Sting operation helps convict Manitoba man of murder
An intricate RCMP sting operation helped convict a Manitoba man of first-degree murder in the death of his ex-girlfriend, whom he buried in an elderly woman's grave.
Jurors in the trial of Michael Bridges deliberated for less than seven hours to reach the verdict Wednesday night. The 25-year-old will spend 25 years in prison with no chance for parole.
Justice John Menzies told Bridges he felt alarmed by the "callousness" of Bridge's actions and said he showed a "cold, calculating, criminal" mind.
Bridges confessed to an undercover officer posing as a member of a crime gang that he choked Erin Chorney in April 2002 when she refused to drop assault charges against him.
He admitted he panicked when she became unconscious and decided to "finish her off" by strangling her with an electrical cord and submerging her head in water.
"I'm sorry for all the grief that I caused to the Chorney family," said Bridges in court.
A family friend spoke on behalf of the girl's parents, Darcy and Debbie Chorney.
"Now they just want to carry on," Sherilyn Bambridge told the Canadian Press.
RCMP sets out elaborate operation to snare Bridges
The RCMP created their sting two years after Chorney died. They wanted to convince the young man to join a crime gang and make money, but in order to become a member, he had to confess to past crimes to a "Boss."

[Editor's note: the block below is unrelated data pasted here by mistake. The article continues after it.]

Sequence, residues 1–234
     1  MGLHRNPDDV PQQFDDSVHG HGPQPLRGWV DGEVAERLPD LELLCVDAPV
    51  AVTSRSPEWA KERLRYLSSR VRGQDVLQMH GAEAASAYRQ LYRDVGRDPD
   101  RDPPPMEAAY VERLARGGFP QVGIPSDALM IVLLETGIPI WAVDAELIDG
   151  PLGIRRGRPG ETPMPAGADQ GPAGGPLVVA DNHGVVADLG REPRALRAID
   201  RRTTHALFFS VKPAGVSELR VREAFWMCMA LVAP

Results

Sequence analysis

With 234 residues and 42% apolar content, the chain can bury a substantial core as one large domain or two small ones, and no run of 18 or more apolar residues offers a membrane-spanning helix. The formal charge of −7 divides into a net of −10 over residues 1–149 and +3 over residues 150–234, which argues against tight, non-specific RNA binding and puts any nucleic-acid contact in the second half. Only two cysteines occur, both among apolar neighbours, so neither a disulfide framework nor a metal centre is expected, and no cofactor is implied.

First, they lured him to Calgary by saying he had won free tickets to a Calgary Flames game. There, he struck up a friendship with an undercover officer, Agent X, who posed as a fellow contest winner and a member of the fake gang.
- FROM JUNE 16, 2005: Officer reveals details of sting operation at trial
Agent X convinced Bridges that he could make a lot of money and even staged a beating of a female colleague to demonstrate what would happen to those who lied to the Boss. Agent X actually faked his punches, while the woman spit out blood capsules to add to the effect.
Bridges met with Agent X to practise for his meeting with the Boss, detailing how he killed Chorney. The meeting was secretly videotaped.
He revealed he hid Chorney's body in a freshly dug grave and drew a map to the spot in a Brandon cemetery. RCMP investigators found the grave and in the winter of 2004, thawed the ground and dug it up.
During conversations with undercover officers, Bridges said he was "too pretty to go to jail" and looked forward to starting a new life.
"He's not too pretty to be convicted of this offence," said Crown prosecutor Bob Morrison in his closing arguments.